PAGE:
Can Probiotics Console the Inconsolable?

The inconsolable crying of a colicky baby. How are parents supposed to cope? They try everything, but nothing helps.

Back in January, NPR reported some new research published by JAMA Pediatrics. Colicky babies in Europe were given a form of the probiotic Lactobacillus reuteri with the idea that friendly bacteria could help them develop their digestive systems correctly. The results? Shorter crying times, fewer spitting up episodes, easier digestion, and less constipation. Even better, newborn infants had a better shot of avoiding colic altogether when given probiotics during the first three months of life. (Though the study was done in Europe, I’m going to go out on a limb and assume that probiotics may help colicky babies over here as well!)

So what’s going on here? Dr. Robert Shulman, a professor of pediatrics at Baylor College of Medicine, says that probiotics may affect babies’ immune systems, improve the lining of the intestines, and influence the balance of bacteria living in the digestive system.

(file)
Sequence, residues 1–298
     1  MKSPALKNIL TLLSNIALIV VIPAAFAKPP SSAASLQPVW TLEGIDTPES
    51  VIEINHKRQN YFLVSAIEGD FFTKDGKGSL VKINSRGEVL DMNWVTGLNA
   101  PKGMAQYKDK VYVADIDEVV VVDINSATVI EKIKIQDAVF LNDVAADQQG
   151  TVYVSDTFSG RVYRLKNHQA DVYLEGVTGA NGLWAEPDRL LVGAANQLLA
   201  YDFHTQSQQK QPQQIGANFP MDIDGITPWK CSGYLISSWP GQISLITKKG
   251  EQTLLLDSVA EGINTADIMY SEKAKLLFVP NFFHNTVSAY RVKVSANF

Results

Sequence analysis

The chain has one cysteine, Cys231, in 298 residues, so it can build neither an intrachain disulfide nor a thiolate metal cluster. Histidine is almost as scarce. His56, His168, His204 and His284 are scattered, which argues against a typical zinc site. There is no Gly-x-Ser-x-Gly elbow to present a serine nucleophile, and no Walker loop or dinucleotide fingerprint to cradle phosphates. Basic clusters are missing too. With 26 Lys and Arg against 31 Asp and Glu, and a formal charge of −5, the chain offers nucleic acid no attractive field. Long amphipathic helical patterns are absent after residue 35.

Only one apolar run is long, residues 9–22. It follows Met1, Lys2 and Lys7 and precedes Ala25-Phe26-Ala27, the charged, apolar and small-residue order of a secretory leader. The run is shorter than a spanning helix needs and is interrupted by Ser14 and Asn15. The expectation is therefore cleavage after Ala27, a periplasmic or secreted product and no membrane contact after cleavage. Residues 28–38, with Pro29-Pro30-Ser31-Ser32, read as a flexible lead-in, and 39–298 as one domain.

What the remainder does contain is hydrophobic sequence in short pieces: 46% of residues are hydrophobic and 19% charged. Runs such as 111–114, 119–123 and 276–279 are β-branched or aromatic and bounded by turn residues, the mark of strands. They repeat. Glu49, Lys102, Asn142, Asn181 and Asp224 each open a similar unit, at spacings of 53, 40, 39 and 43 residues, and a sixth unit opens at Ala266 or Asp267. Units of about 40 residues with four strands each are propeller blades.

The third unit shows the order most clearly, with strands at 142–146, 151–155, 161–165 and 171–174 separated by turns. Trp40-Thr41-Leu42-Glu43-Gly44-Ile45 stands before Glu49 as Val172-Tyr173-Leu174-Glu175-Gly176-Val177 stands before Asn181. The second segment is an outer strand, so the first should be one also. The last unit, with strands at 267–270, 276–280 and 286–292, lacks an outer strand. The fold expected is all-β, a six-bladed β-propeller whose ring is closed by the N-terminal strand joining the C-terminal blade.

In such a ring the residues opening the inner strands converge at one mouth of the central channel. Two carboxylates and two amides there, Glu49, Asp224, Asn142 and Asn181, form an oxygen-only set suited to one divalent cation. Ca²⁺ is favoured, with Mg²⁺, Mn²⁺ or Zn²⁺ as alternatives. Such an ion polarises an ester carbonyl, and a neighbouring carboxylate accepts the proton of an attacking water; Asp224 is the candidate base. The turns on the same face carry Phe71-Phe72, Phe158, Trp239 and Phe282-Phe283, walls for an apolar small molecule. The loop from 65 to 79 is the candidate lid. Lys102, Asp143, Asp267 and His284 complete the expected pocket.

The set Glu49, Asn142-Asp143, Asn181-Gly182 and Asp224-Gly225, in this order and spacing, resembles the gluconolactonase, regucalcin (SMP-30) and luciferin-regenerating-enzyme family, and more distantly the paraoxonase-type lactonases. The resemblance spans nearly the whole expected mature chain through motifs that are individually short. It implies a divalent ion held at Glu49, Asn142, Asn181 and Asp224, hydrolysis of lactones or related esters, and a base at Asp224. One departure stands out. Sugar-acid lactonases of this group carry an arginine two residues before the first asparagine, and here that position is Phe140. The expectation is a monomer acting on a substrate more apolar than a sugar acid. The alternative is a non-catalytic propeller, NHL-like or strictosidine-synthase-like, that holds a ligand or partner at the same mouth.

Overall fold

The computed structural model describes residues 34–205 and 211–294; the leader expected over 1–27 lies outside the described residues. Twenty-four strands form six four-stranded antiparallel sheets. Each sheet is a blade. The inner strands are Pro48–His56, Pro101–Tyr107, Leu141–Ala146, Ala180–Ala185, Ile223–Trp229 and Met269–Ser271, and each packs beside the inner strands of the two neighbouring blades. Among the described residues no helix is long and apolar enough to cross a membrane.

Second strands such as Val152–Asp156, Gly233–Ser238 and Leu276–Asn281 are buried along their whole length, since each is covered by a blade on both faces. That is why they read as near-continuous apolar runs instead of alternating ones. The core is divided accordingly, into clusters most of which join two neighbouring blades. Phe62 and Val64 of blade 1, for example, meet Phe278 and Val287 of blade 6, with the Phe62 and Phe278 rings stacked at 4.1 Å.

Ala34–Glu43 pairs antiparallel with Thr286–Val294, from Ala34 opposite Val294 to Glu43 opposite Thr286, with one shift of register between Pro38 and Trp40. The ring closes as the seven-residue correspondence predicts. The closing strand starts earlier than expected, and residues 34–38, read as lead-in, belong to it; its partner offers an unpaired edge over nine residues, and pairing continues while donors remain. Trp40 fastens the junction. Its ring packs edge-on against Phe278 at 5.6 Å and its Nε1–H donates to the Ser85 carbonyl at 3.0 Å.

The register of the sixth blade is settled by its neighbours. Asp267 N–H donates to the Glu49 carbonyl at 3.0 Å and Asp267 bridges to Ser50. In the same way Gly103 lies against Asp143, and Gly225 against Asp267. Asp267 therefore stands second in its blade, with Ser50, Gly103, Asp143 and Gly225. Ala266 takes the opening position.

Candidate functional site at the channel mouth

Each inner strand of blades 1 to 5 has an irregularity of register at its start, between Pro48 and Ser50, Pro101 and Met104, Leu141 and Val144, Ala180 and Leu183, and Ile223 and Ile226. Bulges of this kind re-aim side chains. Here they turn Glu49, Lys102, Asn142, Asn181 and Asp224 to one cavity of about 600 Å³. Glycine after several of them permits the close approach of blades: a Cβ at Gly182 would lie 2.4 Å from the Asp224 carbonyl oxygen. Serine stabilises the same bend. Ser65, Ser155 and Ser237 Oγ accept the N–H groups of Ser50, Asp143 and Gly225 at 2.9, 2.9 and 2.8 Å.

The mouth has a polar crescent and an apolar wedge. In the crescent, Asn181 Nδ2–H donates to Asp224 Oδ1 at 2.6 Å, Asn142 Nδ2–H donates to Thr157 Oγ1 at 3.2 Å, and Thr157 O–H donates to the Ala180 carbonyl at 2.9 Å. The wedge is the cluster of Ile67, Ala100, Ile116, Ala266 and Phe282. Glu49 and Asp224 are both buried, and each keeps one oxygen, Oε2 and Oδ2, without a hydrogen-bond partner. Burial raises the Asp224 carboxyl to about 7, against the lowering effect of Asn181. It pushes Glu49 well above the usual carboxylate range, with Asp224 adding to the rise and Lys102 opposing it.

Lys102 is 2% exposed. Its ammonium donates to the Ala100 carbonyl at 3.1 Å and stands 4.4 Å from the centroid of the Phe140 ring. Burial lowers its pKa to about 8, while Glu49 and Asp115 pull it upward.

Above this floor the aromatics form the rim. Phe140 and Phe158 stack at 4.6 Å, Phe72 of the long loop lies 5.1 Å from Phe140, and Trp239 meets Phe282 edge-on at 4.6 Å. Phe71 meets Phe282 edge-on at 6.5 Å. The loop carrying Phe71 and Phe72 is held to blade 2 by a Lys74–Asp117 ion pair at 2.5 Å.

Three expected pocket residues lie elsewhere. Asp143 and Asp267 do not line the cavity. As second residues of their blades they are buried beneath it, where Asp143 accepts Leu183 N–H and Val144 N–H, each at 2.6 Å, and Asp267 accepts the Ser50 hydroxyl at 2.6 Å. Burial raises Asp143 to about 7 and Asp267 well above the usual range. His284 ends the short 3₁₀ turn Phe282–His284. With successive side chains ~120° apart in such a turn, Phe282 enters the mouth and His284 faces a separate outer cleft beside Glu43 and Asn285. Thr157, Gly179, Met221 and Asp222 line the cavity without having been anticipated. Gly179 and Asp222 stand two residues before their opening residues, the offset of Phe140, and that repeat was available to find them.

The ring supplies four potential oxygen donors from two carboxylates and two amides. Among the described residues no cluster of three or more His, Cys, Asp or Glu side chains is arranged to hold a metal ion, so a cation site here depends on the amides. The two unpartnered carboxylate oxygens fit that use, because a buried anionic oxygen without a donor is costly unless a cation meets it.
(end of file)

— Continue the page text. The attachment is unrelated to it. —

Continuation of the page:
For those of us who know about the gut-brain connection, these findings may not be too much of a shocker. Certainly they wouldn’t have surprised Dr. Royal Lee! After all, previous research strongly suggests that our gut bacteria has a direct impact on how our brain regulates stress management, mood, and overall cognitive functioning. It takes no great leap of understanding to see how healthy bacteria may play other powerful roles in the human body—like, say, soothing a supremely disgruntled, uncomfortable baby.

Despite the tantalizing findings laid out by JAMA Pediatrics, Dr. Shulman and others also caution that more research is needed. But that’s not exactly what parents of colicky babies want to hear. Where should these sleep-deprived moms and dads start? There are already many probiotics marketed for colic that are sold drug stores and supermarkets. But there’s also Lactic Acid Yeast Wafers from Standard Process. These wafers contain a natural source of lactic acid to help maintain a healthy intestinal environment—one that simultaneously promotes the growth of beneficial bacteria and staves off gastrointestinal imbalances.

Of course, babies will always cry, and parents will always lose sleep. But perhaps one day the particular, inconsolable wail of the colicky baby will become a thing of the past—and parents can go lose sleep over something else. Maybe even something fun!

Photo from iStock/monkeybusinessimages

Heather Wilkinson

Heather Wilkinson is the Archives Editor for Selene River Press.

Related Topics

childhood nutrition | postnatal nutrition